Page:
Criminals often use trusts and companies to launder money. Legitimate businesses that provide trust and company services may be affected by changes to the Anti-Money Laundering and Countering Financing of Terrorism (AML/CFT) Act.
To help trust and company service providers understand the risks they face and build their compliance programmes, helpful guidance is available on the Department of Internal Affairs website. See the Codes of practice and guidance(external link) and the sector risk assessment(external link).
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If you provide services to help set up and/or run trusts and companies, you may need to put AML/CFT measures in place.
Some trust and company service providers have had to comply with the AML/CFT Act since 2013 when “Phase 1” began. If you have, you will also need to comply with new provisions. See Information for Businesses.
This will help prevent money laundering, make it easier for authorities to find out where ‘dirty’ money came from, prosecute criminals, seize illegally earned money and assets, and stop crime and terrorism.
Here’s a summary of the proposed changes.
You will need to comply with the AML/CFT Act if, in the ordinary course of your business, you carry out one or more of the following activities:
Whether an activity is in your “ordinary course of business” will depend on your particular business. It’s ultimately a question of judgment, which takes into account certain factors.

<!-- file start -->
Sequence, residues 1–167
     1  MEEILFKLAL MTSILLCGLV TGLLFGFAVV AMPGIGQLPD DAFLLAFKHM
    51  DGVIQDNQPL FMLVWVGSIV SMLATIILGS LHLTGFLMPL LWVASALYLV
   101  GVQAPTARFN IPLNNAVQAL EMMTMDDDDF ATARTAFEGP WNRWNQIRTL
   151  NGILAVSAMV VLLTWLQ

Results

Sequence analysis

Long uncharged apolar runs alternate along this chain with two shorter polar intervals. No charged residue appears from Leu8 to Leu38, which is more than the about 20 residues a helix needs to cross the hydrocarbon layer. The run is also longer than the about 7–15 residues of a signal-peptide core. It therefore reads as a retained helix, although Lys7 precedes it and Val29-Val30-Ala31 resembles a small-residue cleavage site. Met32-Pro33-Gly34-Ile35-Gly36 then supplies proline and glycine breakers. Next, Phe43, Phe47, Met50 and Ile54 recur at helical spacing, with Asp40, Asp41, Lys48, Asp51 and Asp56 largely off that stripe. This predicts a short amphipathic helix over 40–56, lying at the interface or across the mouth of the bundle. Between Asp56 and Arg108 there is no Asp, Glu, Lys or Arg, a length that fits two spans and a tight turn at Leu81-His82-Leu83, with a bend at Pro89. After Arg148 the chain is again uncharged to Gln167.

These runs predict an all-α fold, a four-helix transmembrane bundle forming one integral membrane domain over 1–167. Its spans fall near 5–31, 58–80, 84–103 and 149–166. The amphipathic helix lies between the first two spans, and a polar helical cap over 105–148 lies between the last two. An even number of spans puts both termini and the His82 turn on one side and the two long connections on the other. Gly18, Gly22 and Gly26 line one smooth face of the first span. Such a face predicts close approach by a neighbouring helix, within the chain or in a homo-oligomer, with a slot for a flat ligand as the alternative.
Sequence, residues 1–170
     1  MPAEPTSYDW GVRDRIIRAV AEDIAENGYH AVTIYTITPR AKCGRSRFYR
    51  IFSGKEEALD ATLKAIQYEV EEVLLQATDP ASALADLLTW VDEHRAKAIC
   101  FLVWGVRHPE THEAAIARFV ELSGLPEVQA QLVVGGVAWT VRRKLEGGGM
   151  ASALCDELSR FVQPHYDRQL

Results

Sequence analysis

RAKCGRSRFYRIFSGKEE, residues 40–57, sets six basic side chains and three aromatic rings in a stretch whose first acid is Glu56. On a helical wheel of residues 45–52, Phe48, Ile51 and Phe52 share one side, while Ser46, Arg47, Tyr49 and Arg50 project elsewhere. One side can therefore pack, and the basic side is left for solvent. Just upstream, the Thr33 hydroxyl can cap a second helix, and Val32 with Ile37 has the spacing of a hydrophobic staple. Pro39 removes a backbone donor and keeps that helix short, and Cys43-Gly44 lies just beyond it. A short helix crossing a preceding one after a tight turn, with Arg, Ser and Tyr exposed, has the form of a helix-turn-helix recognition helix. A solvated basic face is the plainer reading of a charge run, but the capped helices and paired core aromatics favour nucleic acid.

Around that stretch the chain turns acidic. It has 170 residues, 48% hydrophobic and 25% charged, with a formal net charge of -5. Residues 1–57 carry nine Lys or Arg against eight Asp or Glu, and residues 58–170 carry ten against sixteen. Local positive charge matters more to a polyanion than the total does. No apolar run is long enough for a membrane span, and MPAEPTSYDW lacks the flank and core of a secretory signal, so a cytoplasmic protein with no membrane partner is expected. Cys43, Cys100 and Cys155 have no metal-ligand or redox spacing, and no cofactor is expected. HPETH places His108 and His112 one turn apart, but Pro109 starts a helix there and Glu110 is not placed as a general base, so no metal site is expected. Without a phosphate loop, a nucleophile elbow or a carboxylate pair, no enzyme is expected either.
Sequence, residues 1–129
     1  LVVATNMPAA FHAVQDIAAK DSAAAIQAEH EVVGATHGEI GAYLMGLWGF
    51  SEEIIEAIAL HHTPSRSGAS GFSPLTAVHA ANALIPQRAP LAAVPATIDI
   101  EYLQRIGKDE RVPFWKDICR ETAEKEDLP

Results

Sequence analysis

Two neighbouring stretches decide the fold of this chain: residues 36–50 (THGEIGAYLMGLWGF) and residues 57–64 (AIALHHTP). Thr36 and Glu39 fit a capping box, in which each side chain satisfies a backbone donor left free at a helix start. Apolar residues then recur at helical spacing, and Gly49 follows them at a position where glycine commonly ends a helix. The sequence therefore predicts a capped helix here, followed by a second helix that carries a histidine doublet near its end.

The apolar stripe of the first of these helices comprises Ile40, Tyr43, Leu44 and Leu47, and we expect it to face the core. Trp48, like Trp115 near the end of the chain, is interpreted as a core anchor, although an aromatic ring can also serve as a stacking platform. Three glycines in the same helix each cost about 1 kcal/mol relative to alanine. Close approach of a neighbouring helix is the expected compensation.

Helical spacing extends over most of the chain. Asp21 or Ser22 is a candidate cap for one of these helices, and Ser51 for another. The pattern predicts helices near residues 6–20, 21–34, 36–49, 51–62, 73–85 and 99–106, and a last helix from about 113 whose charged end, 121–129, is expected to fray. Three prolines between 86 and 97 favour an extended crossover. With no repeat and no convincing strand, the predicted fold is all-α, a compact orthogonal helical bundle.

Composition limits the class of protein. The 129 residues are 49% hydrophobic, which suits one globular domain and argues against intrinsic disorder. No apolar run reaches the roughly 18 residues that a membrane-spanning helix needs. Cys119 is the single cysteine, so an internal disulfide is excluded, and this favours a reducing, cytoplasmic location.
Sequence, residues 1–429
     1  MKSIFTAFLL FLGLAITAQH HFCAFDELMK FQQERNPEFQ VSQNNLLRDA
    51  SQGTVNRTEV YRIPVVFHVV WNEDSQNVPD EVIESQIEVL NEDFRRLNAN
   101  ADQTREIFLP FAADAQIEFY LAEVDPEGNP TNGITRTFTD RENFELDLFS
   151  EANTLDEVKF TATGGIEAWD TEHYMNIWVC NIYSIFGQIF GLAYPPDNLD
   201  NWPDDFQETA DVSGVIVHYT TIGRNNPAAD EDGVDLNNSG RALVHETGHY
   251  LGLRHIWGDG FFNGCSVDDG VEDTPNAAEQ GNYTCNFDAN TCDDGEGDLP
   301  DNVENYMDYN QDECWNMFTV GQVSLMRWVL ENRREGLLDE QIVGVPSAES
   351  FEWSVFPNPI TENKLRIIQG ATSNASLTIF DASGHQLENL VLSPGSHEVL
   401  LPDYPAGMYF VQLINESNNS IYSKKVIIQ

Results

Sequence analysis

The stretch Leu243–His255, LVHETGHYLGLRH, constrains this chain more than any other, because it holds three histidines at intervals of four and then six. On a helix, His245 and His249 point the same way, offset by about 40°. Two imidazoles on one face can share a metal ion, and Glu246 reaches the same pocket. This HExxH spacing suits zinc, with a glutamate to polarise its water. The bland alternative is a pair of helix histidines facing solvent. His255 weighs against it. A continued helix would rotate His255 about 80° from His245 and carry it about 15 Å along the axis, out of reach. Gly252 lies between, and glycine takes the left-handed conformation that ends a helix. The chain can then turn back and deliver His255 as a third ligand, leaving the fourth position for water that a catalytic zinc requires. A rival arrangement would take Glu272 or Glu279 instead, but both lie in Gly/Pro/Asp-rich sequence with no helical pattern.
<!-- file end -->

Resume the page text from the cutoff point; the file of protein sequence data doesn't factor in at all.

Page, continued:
For most businesses, it will be obvious if an activity is in your “ordinary course of business”.
If you’re unsure, consider things such as whether the activity is something you do frequently or regularly; involves significant allocation of resources; or is related to a service or product that’s offered to customers.
For more information see the In the ordinary course of business(external link) guideline on DIA's website.
You will have to comply from 1 July 2018. However, there are a number of steps you will need to take before that date to be prepared. See “What do I have to do to comply with the AML/CFT Act?”
Criminals and financers of terrorism often use such services to hold and move assets and funds anonymously.
Introducing AML/CFT measures will deter criminals from using your services and help detect them if they do.
Importantly, it will also strengthen the overall AML/CFT system. For example, in the ordinary course of your business, you may detect ‘red flags’ that might not be picked up by a bank or other financial service providers who interact with the same customers. That’s because you may have more information about the people or goods involved in a particular transaction.
The greater the AML/CFT risks your business faces, the more you’ll have to do to manage these risks. A small firm with long-term local clients may have fewer risks than a large firm with clients around the world.
Initially, you’ll have to:
On an ongoing basis, you’ll have to:
For information about ways to reduce compliance costs see: Working with others to reduce your AML/CFT compliance costs
The Department of Internal Affairs (DIA) will supervise all businesses that Phase 2 of the Act applies to. DIA will help you comply with the law and enforce it when needed. Some of the things DIA will do include:
A range of existing guidance material is already available to help get you started. Now the Bill has been passed, we plan to engage with sectors to develop regulations, which will provide more clarity, and produce more guidance material. For more information see: AML/CFT supervision and support for businesses
If you’re still not sure if you need to comply, see the Department of Internal Affairs(external link).